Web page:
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Mad River Co. v. Pracney

Supreme Court of Connecticut Third Judicial District, New Haven, January Term, 1924
Mar 1, 1924
123 A. 918 (Conn. 1924)


affirming trial court judgment in favor of defendant where plaintiff had brought trespass action but failed to show ownership of any subaqueous land in man-made, nonnavigable body

Summary of this case from Ace Equipment v. Buccino


A finding need not be in the identical language of the draft-finding, even though the latter be sustained by evidence; it is sufficient if the facts are in effect found. A finding will not be corrected where none of the facts set forth therein are found without evidence, and where no material fact established by uncontradicted testimony has been omitted. In an action in the nature of ejectment, the plaintiff must rely on the strength of his own title and not the weakness of the defendant's. The interpretation and construction of deeds are exclusively functions of the trial court; they cannot be performed by an expert witness. The plaintiff, claiming to be the owner in fee of certain lands covered by an artificial pond, brought action to eject the defendants, who, owning some of the adjacent upland, had constructed docks out into the waters of the pond. The deeds which it introduced in support of its title did not disclose with certainty whether it owned the fee of the lands upon which the docks were built, or whether it merely had the right of flowage. Held that the plaintiff had failed to sustain the burden of proof imposed upon it by its allegations of ownership in fee, and that, even though the complaint might be held to set forth a cause of action for interference with its right of flowage, the finding was insufficient to support a judgment in its favor, since it did not appear whether the deeds to the defendants bounded them by the pond or by the edge of the pond; for, if bounded by the pond (unless the plaintiff owned in fee the abutting land under water), they would have taken title — in the absence of a manifest intention to the contrary — to the middle or thread of the original stream, and they would have been entitled to dock out with a structure not materially decreasing the area of flowage.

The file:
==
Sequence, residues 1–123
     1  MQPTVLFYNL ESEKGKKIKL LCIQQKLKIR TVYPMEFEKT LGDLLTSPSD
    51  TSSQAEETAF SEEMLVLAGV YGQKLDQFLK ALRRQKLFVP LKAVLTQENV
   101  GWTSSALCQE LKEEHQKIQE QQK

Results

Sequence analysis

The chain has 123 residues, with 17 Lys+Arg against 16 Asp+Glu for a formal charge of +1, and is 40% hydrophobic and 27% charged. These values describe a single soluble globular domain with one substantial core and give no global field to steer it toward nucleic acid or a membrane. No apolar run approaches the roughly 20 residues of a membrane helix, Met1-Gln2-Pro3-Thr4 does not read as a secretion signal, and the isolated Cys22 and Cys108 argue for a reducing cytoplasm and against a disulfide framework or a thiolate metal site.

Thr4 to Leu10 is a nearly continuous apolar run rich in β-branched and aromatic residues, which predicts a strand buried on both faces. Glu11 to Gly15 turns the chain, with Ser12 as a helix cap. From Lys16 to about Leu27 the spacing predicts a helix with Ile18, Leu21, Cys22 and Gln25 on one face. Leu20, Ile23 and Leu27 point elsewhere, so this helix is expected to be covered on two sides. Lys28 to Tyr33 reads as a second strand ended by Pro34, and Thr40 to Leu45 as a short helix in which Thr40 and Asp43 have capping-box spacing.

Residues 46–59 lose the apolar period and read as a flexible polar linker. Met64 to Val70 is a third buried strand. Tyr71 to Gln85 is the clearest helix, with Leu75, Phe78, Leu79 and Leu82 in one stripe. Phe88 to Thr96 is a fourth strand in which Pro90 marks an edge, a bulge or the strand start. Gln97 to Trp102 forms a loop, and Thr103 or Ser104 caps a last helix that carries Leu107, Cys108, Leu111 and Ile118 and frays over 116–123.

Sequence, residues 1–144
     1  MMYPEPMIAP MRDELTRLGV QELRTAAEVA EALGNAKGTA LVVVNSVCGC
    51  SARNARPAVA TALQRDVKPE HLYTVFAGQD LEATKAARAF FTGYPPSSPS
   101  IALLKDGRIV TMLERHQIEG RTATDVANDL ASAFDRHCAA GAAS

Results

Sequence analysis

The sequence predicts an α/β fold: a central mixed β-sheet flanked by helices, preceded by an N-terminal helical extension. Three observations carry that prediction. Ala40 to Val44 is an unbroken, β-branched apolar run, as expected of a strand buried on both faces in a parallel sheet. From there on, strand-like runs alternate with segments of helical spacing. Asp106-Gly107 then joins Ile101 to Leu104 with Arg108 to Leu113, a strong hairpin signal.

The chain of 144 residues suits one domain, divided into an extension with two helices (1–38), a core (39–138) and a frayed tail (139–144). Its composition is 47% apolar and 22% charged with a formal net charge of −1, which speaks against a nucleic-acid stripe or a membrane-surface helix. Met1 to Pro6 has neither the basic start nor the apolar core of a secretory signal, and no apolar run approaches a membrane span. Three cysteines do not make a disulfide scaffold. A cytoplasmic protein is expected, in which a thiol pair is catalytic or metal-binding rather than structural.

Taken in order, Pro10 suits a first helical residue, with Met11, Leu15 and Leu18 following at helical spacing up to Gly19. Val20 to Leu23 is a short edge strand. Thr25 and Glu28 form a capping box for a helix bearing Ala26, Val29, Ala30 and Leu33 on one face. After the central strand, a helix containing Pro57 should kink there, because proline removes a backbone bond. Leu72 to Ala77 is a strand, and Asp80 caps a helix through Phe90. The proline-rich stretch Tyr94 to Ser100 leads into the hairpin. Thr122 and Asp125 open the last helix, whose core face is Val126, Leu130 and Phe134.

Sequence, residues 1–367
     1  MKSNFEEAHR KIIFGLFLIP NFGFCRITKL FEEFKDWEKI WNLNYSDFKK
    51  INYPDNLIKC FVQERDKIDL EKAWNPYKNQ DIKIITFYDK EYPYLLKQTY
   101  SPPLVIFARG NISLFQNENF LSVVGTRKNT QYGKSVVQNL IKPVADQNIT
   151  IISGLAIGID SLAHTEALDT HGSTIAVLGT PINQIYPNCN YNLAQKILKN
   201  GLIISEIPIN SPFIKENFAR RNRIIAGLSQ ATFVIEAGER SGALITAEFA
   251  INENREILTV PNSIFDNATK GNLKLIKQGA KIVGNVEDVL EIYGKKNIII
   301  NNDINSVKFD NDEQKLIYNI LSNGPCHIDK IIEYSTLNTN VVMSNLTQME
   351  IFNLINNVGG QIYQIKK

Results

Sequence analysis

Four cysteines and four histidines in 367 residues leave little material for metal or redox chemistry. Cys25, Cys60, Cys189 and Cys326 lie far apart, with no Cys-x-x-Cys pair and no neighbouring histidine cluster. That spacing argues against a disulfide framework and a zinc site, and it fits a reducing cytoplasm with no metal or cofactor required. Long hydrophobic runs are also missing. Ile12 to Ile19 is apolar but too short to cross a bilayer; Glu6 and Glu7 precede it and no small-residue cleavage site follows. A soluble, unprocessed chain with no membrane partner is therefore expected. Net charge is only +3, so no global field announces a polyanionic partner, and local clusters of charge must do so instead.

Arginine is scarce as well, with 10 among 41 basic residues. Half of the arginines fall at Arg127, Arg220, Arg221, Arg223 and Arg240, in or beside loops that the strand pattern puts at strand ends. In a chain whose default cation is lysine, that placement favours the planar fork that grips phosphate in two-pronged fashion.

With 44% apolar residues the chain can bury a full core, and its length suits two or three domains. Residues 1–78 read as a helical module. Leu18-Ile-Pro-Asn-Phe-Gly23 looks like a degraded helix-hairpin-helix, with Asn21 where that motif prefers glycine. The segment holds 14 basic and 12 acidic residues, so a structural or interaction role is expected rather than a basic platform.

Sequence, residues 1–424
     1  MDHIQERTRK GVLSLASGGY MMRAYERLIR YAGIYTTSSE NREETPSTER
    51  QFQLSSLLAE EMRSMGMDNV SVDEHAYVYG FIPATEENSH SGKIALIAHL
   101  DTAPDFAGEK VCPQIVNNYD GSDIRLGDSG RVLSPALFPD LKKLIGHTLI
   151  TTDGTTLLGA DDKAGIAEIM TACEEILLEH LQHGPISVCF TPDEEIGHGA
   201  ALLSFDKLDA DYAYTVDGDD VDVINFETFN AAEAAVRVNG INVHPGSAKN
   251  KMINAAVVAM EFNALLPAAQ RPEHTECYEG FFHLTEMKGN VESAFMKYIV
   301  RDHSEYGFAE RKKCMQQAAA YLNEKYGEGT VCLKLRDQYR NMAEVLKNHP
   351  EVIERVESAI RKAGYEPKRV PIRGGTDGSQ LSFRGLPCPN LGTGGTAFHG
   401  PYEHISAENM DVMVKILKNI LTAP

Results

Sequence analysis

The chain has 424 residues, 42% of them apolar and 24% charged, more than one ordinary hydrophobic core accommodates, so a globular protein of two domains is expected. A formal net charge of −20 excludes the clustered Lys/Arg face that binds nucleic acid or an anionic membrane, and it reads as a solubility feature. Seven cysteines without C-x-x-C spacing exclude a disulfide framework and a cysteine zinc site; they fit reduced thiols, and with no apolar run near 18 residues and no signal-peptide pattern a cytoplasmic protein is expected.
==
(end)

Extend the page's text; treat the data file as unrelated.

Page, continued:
Argued January 23d 1924

Decided March 1st, 1924.

ACTIONS in the nature of ejectment claiming also an injunction, brought to the Superior Court in New Haven County and tried together by the court, Jennings, J.; facts found and judgment rendered for defendant in each case, and appeals by the plaintiff. No error.

Each of the complaints in the above actions, which by agreement were tried together, contains an averment that the plaintiff was the owner of a certain tract described, in the town of Wolcott, which in fact was the land flowed by the erection of a dam forming an artificial lake or pond used to furnish water to various factories in Waterbury; that upon said land on or about January 1st, 1915, the defendant in each action unlawfully entered and without license or right erected a dock, which is still maintained, thereby dispossessing "the plaintiff of the portion of land occupied by said dock" and continuing such dispossession. Each complaint claims judgment for possession of the premises, and a mandatory injunction requiring each defendant "to demolish and remove said dock from the land of the plaintiff." In each case a demurrer to the complaint was filed and overruled, and defendants answered over denying all the allegations of the complaint.